I grew up listening to my Dad – a refugee from the Holocaust – teaching me about the evils of hatred and prejudice.
One of the main reasons I joined the Labour Party as a teenager in Dudley more than 35 years ago was to fight racism, and I could never have believed that I’d be leaving because of racism too.
I learnt important values growing up in Dudley. The importance of our democracy, of fairness and tolerance. Knowing what’s right and what’s wrong. Basic decent British values.
I have fought intolerance and prejudice all my life.
My first campaign when I became an MP was to work with local councillors and community groups to drive the BNP out of Dudley.
Last year I organised a Rally Against Racism in the Birmingham hotel where Enoch Powell made his “Rivers of Blood” speech 50 years before.
I’ve stood with Muslim constituents targeted by the BNP or the EDL and I will always fight for a more tolerant and united society.
The Labour Party has been my life, so this has been the hardest decision I have ever had to take, but I have to be honest and the truth is that I have become ashamed of the Labour Party under Jeremy Corbyn.
I am appalled at the offence and distress Jeremy Corbyn and the Labour Party have caused to Jewish people.
It is terrible that a culture of extremism, antisemitism and intolerance is driving out good MPs and decent people who have committed their life to mainstream politics.
It is wrong that Luciana Berger has been bullied out of the Labour Party by antisemites.
It is wrong that the party threatened Margaret Hodge when she spoke out on antisemitism, like they threatened me when I raised the issue with the party chairman.
They had to back down because we had done nothing wrong, but the hard truth is that the party is tougher on the people complaining about antisemitism than it is on the antisemites.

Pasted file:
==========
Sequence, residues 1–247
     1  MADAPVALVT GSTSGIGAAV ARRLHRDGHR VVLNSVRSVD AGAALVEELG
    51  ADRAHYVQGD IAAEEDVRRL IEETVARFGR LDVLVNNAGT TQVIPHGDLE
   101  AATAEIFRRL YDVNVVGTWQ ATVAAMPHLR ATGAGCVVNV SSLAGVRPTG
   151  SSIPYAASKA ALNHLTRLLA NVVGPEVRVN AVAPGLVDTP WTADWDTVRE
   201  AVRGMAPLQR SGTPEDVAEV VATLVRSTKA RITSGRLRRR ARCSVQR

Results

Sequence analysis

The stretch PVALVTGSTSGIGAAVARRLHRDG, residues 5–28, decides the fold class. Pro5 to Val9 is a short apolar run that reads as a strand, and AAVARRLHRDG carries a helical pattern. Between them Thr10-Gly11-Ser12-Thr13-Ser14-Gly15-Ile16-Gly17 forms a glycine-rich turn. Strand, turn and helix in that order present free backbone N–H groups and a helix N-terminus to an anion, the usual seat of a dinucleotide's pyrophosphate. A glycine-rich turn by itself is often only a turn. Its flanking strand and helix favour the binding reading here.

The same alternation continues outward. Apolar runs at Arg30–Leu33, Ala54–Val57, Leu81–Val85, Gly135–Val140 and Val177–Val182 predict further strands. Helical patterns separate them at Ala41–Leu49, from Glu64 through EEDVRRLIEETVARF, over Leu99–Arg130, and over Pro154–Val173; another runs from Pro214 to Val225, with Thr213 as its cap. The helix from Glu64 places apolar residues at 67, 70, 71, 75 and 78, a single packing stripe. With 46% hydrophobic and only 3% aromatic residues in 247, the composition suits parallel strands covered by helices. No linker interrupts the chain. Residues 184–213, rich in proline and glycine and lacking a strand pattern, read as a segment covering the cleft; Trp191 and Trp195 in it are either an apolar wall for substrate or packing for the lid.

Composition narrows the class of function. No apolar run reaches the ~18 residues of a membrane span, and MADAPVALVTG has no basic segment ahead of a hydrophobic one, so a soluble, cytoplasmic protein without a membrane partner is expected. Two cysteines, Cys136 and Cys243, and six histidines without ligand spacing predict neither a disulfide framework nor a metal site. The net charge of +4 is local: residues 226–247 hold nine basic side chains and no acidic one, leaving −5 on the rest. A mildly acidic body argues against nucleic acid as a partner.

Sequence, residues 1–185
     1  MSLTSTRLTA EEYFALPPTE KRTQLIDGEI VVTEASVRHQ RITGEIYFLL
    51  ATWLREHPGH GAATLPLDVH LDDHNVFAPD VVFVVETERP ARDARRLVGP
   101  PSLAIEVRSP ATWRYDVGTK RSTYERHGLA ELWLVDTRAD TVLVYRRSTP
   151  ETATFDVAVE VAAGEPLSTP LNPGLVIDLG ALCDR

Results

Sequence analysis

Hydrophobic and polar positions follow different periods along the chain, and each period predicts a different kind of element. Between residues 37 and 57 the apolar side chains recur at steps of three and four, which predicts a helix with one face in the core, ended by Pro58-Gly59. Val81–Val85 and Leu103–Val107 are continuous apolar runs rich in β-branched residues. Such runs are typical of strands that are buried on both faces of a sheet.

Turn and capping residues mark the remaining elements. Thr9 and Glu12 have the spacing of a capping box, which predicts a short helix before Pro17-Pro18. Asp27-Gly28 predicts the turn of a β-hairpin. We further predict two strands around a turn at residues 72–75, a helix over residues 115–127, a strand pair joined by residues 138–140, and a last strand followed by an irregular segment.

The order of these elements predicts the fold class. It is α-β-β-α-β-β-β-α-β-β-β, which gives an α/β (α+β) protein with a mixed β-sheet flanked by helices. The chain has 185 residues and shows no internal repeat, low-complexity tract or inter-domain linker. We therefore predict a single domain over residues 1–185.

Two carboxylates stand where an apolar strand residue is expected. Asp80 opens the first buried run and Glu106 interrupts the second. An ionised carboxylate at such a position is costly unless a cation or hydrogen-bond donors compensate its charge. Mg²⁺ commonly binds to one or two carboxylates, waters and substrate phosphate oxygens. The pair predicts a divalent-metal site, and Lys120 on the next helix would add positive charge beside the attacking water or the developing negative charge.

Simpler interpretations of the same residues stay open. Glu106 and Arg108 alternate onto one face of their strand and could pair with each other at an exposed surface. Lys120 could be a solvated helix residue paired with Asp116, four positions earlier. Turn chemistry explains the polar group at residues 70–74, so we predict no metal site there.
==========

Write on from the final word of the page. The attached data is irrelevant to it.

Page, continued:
I have lost count of the number of Jewish friends – longstanding supporters of the Labour Party – who have torn up their party cards.
I have even seen Holocaust survivors take part in protests against the Labour Party.
I will never forget the burning sense of shame when a man who had been imprisoned in Auschwitz asked me how I could stay in the Labour Party with all the antisemitism.
When it comes to racism, I know whose side I am on.
Jeremy Corbyn and the people around him have turned a mainstream party into something very different.
He has spent his entire political career working with and supporting all sorts of extremists, and in some cases terrorists and antisemites.
I always thought he was unfit to lead the Labour Party and I certainly think he is unfit to lead our country.
I think Jeremy Corbyn and John McDonnell cannot be trusted with our national security and would undermine our democratic institutions.
I could never ask people to make Jeremy Corbyn Prime Minister. That is why I have decided to leave the Labour Party.
Other decent MPs, councillors and members – good friends of mine – have chosen to remain. I know they share my concerns, it is not for me to call on them to leave and I wish them well in their fight to improve things inside the party.